While encouraging its companies to explore investment opportunities in Guyana, particularly with the oil and gas sector expected to drive growth, the United States denied 70 per cent of the Guyanese who applied here for business/tourism visitor visas last year.
From a high in 2016, when 51,202 ‘B’ class visitor visas were granted to Guyanese, last year only 4,923 ‘B’ visas were granted, reflecting a major decline of over 20,000 as compared to 2017 when 25,338 visas were approved.
October 1st to September 30th is the accounting period of the U.S Federal Government’s fiscal year. The figures, therefore, reflect visas issued from October 1st, 2017 to September 30th, 2018.
According to data on the US State Department’s Bureau of Consular Affairs website, the number of visas issued by the U.S Embassy’s Consular Office in Guyana was at an all-time low since 2010 and stood at 4,923 visitors’ visa issued for the 2018 fiscal period.
A breakdown of “Non-immigrant Visas Issued by Issuing Office (Including Border Crossing Cards)” since 2009 shows that 2010 saw the lowest number of visas issued, some 4,242, and 2016, the highest at 51,202 for this country.
Data on the overall number of applications for visas received and specific country refusal figures were not found by this newspaper on the site.
However, the total worldwide B1, B1/B2, B2 visa issuances for the period 2013 to 2018 was illustrated on a graph and showed that 2018 saw the lowest number of visa issuances, totaling 5,779,411. In 2013, the number was just a bit higher at 5,802,062. In 2014, it was 6.4 million, in 2015 it was 7.3 million, in 2016 it was 6.9 million, and in 2017 it was 6.3 million.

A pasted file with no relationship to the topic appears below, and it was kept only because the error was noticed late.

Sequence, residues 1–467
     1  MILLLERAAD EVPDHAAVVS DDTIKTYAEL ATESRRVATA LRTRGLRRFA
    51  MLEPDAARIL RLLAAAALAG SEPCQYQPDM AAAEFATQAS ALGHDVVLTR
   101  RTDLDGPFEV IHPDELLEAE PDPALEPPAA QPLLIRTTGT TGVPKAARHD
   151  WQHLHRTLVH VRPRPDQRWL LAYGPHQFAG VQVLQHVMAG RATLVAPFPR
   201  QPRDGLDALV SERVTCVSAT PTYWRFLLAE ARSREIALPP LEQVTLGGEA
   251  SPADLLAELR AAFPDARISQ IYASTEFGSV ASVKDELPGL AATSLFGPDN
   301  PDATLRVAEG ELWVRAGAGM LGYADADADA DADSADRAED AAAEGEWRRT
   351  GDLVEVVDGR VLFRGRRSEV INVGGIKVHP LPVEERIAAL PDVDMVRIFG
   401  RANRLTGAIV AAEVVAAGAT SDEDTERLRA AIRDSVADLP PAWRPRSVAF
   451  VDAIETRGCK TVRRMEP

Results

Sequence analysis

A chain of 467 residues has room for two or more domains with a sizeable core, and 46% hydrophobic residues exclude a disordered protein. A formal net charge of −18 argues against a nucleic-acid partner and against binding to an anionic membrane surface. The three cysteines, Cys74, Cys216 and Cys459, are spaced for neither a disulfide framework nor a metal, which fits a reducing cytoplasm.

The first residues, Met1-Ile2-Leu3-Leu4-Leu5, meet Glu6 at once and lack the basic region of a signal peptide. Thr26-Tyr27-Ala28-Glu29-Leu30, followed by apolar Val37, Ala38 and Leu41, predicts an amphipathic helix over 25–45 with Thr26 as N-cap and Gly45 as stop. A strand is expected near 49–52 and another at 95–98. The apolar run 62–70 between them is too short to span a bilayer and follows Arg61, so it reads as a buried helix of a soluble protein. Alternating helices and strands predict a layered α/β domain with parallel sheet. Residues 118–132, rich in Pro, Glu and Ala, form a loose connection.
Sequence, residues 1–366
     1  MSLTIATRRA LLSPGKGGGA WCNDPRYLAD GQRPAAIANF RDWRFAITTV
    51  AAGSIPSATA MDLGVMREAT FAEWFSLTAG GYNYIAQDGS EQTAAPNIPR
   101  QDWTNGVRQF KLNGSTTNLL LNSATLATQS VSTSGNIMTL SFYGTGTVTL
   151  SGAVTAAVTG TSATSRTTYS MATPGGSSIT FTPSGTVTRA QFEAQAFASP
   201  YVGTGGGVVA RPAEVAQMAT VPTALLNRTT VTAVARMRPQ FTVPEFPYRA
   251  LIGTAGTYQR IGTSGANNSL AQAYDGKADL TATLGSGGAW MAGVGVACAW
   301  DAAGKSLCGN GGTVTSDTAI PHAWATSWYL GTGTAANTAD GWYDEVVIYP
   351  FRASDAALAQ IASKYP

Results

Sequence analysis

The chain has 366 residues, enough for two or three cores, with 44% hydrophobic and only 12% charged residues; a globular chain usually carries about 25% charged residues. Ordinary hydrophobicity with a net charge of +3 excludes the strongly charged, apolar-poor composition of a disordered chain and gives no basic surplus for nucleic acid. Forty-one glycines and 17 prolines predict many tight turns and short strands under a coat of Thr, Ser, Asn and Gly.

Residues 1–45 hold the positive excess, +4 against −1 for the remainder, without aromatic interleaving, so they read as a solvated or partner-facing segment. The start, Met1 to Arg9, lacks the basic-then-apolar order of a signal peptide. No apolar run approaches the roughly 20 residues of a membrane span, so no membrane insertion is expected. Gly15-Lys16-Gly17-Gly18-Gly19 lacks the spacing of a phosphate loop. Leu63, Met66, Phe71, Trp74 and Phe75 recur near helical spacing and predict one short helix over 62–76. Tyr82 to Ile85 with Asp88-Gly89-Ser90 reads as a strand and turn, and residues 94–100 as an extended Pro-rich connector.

As it pertained to immigrant visas for the 2018 fiscal period, that figure for Guyana is given as 7,506. It reflected an increase since 2014 as figures for the 2014 to 2017 period shows lower numbers.
In the 2014 fiscal year, the U.S Embassy processed a total of 6,403 immigrant visas but in 2015, that number went down by 249, taking the year’s total to 6,154. It would drop by a further 554 for the 2016 fiscal year when the processed immigrant visa number were 5,600.
However, over the past decade, the number of immigrant visas processed have remained in the range between 4,400 and 6,500.
In 2016, then United States Ambassador to Guyana, Perry Holloway, had credited the increase over the years as being mostly due to the improving economic situation in the country.
“The improving economic situation over the last few years has led to our refusal rate coming down significantly, from a high of well over 50 per cent five years ago, to one much lower today and luckily for us, only a small per cent of Guyanese who go to the US actually abuse their visas and stay illegally,” Holloway had stated.
The then US envoy had pointed out that bilateral relations between Guyana and his country “could not be better” and that the future was also optimistic since “there is a lot more to come.”
Current US Ambassador Sarah-Ann Lynch recently said that the United States would continue to encourage its businesses to invest in Guyana as it believes the expected proceeds from the oil and gas sector would provide opportunities for them to thrive.
The US State Department’s Bureau of Economic and Business Affairs in its 2018 Investment Climate Statement (ICS) lauds Guyana as a country ripe with investment opportunities.